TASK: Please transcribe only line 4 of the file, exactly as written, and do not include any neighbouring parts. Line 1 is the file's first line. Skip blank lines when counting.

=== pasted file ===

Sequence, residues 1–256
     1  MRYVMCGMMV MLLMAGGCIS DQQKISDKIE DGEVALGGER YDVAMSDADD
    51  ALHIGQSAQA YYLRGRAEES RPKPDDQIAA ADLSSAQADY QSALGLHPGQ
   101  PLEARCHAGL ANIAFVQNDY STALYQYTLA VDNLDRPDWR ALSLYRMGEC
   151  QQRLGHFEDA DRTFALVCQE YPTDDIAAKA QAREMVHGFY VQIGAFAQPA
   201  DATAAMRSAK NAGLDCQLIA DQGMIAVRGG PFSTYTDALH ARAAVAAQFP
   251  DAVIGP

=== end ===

   101  PLEARCHAGL ANIAFVQNDY STALYQYTLA VDNLDRPDWR ALSLYRMGEC